Still, it is difficult to make such claims even anonymously in Japan.
"Japanese women are taught from a young age to follow the will of others. That's why even if they feel that something is wrong, they tend to hesitate to speak up," Muta continued. "For example, even if a woman is able to voice her accusation, her attacker can continue to say that she "consented," and the woman herself often ends up being the one ostracized."
There was a prominent case of victim-bashing in Japan last year, which Muta called doubly evil: "It's like telling someone who just got enough strength to say enough is enough to just keep suffering in silence. The fact that the movement is not spreading is proof that Japanese society is not truly committed to ending sexual harassment and violence."
While #MeToo caused waves beginning in Hollywood, the theater group "Seinendan" led by playwright Oriza Hirata has been actively working to stamp out sexual harassment since its conception. But even then, several women came forward accusing a male stage director who was not a member of Seinendan of sexually harassing them by hinting that he would help the victims perform in the theater group. The director admitted to the allegations and apologized, but Hirata ruffled feathers when he wrote on his blog, "I hope he is never involved in the world of theater again."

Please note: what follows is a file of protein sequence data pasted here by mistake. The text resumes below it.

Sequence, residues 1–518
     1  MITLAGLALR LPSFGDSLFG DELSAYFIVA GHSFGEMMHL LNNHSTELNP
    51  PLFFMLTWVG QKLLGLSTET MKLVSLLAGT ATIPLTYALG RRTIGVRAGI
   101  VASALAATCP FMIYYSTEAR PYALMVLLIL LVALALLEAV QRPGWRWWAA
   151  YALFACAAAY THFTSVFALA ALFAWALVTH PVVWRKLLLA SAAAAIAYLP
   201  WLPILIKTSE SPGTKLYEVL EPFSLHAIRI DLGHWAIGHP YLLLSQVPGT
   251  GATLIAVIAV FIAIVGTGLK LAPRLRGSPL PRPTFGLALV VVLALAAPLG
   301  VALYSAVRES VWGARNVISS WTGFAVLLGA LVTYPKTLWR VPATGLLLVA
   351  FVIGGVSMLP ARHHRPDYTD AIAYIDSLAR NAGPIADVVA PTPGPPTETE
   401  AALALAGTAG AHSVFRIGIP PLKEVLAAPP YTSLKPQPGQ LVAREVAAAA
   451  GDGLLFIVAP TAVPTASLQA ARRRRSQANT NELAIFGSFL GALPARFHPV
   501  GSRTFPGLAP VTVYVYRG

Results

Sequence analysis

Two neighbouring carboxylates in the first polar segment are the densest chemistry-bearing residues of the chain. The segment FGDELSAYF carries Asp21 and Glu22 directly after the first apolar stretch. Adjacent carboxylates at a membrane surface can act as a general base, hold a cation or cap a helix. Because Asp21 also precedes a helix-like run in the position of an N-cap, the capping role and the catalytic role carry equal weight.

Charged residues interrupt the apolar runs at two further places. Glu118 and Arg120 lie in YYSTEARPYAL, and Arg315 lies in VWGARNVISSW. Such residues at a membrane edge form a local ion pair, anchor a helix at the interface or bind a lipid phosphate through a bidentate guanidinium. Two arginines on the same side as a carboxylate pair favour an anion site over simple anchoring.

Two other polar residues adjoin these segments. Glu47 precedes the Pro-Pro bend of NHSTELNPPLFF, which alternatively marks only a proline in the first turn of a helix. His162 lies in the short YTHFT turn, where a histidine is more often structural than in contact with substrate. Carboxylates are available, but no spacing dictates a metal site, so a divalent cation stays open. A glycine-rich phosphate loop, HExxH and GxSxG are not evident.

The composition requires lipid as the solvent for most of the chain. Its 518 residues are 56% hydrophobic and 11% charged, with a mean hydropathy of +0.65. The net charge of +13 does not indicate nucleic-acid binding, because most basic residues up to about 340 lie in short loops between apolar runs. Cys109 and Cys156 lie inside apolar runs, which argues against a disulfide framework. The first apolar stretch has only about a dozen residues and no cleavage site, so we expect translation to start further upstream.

What made Hirata so angry was not only because the director had used the name of the group when committing his offenses, but because Hirata had wracked his brain over anti-sexual harassment policies and built up experiences through trial and error for the last 20 years. The theater group has rules, such as an older member of the group may not ask a younger member of the opposite sex out for drinks alone, or joke that something is sexual harassment, or if any harassment is suspected, then the stories of both parties are heard equally without preconceptions -- and more.